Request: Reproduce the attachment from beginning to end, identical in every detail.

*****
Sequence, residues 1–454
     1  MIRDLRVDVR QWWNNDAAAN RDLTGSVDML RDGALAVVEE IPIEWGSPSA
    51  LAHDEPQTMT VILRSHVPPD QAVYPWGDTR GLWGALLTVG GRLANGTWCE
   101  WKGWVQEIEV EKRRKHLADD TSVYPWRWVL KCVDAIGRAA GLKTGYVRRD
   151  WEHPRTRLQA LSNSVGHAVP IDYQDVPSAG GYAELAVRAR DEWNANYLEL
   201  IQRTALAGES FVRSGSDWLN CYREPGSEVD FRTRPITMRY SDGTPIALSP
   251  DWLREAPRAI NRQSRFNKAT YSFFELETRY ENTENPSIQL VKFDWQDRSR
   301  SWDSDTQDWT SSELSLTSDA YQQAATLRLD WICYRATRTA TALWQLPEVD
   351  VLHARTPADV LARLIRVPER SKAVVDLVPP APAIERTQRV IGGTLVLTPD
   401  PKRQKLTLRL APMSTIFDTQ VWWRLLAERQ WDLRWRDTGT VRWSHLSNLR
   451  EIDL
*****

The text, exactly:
Sequence, residues 1–454
     1  MIRDLRVDVR QWWNNDAAAN RDLTGSVDML RDGALAVVEE IPIEWGSPSA
    51  LAHDEPQTMT VILRSHVPPD QAVYPWGDTR GLWGALLTVG GRLANGTWCE
   101  WKGWVQEIEV EKRRKHLADD TSVYPWRWVL KCVDAIGRAA GLKTGYVRRD
   151  WEHPRTRLQA LSNSVGHAVP IDYQDVPSAG GYAELAVRAR DEWNANYLEL
   201  IQRTALAGES FVRSGSDWLN CYREPGSEVD FRTRPITMRY SDGTPIALSP
   251  DWLREAPRAI NRQSRFNKAT YSFFELETRY ENTENPSIQL VKFDWQDRSR
   301  SWDSDTQDWT SSELSLTSDA YQQAATLRLD WICYRATRTA TALWQLPEVD
   351  VLHARTPADV LARLIRVPER SKAVVDLVPP APAIERTQRV IGGTLVLTPD
   401  PKRQKLTLRL APMSTIFDTQ VWWRLLAERQ WDLRWRDTGT VRWSHLSNLR
   451  EIDL